For several years, Coronado has housed a Readers Theater at the Spreckels Center. Coronado local Gwen Hovland, who is no stranger to the theatrical scene, led these workshops which include last year’s most recent iteration, a Top Hat Senior Readers Theater for community members from 55 and over.
The Readers Theater is a popular form of entertainment that allows anyone to participate at any level. For Hovland, it was the ideal outlet to resume the acting profession after a stint in the Peace Corps. “I joined the Peace Corps at 68,” she began. “For two years, I lived in the village of Nonphayom, Thailand, as a volunteer assigned to teach English for grades 5 to 9. We were in the middle of nowhere in Thailand; without Internet, without cell phone and without written language, ”described Hovland.
“I had time to dream,” she continues. “I made a commitment to audition for a Readers Theater in San Diego County [when I got back to Coronado]. It would be a return to acting that wouldn’t require memorization or long rehearsals. What’s important here, “Hovland said of the Top Hat Readers Theater Workshop,” is that there is no [of those barriers]. So I walked into the Spreckels Center and submitted a resume and lesson plan for a 90 minute class. It was 3 years ago.
Hovland, who has a background in speech, education, and the performing arts, has performed in a wide variety of roles in shows around San Diego and has led various professional theater workshops over the years. She feels right at home on stage and today uses that love to foster a community celebrating the arts, helping others discover a joy they may never have had the chance to explore before or, like her, looked for a way back.
“My Danish grandfather used to say: ‘There is a time to cry and a time to laugh. If you have a choice, go ahead laughing. But more importantly, as a teacher of any material or age, kindle the forgotten fires of emotional and creative intelligence, imagination and intuition, ”Hovland recalls, mentioning how her wisdom was a great inspiration for her to start the Top Hat Readers Theater program. in Coronado.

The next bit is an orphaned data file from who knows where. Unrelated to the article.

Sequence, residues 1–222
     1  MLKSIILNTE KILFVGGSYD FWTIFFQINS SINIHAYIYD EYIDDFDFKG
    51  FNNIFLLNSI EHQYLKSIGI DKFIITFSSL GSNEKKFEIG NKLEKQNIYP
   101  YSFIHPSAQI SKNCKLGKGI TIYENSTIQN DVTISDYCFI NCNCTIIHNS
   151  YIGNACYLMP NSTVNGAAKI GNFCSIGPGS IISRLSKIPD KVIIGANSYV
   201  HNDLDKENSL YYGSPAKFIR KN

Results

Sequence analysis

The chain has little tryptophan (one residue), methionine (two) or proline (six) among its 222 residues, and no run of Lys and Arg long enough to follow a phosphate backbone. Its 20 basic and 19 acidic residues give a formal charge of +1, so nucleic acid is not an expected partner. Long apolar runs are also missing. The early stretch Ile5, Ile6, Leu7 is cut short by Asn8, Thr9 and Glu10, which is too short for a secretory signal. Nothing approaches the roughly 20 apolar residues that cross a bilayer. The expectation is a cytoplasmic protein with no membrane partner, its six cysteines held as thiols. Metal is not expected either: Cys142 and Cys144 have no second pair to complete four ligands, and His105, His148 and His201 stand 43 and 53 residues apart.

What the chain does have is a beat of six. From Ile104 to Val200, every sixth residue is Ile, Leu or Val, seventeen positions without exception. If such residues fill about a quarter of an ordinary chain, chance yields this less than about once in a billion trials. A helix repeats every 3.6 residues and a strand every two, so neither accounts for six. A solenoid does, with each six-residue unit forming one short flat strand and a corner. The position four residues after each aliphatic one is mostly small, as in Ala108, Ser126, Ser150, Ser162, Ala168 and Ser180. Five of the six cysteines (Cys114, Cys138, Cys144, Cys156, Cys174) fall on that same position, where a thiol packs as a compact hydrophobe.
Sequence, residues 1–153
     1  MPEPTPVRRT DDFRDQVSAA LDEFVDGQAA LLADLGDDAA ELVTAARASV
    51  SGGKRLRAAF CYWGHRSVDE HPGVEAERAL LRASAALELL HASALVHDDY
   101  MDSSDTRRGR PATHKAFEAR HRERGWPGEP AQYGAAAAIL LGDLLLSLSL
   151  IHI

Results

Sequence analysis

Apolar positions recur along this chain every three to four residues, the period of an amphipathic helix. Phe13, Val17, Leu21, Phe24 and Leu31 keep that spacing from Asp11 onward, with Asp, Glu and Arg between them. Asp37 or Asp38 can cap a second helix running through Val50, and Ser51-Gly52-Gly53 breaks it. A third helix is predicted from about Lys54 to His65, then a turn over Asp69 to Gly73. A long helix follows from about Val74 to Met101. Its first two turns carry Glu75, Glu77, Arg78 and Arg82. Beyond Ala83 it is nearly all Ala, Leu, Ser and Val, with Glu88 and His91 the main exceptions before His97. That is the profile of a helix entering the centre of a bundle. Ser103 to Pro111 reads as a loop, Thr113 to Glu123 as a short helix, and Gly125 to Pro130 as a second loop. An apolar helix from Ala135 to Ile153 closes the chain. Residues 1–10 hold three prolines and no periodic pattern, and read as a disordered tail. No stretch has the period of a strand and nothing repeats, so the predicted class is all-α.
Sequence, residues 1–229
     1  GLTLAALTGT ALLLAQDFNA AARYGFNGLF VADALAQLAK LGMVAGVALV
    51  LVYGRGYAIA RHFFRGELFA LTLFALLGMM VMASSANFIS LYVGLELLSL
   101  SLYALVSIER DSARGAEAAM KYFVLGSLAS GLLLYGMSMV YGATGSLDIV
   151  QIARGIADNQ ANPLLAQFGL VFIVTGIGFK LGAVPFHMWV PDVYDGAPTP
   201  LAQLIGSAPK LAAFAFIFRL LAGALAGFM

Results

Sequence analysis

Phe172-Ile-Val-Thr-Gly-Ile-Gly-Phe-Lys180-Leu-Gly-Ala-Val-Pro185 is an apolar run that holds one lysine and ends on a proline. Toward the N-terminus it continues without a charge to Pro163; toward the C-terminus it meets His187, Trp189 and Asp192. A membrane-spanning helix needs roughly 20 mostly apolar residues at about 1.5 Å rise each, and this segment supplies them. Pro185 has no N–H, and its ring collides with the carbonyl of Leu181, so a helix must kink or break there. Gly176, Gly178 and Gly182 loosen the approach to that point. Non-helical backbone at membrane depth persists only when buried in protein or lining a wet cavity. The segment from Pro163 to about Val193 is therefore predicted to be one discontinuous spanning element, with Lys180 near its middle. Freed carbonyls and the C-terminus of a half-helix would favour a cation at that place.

Readers Theater workshops at Spreckels Center typically last eight weeks with 90-minute sessions once a week. As Hovland describes it, they are “filled with contagious laughter!” We use portable scripts that focus on imagery, rhythm and characterization where individuals and ensembles reinforce novice and professional skills. No memorization is required, we just read skits, plays, lyrics and prose. It’s a safe place to connect and explore the Senior Readers Theater, regardless of the experience.
Two of the most recent participants in the Readers Theater workshop were Marylee Goyan and Mary Isobel. “I thought it would be everyone sitting in a chair reading aloud, and I was surprised and delighted that it was so much more than that,” Isobel said, speaking of how the group got together. would move around the stage, gesture, essentially act as they read. “I was in a walker but did the best I could,” she continued. “I had never performed on stage before and I was surprised how easy it was. I wasn’t embarrassed, I wasn’t nervous and Gwen was always there to give direction.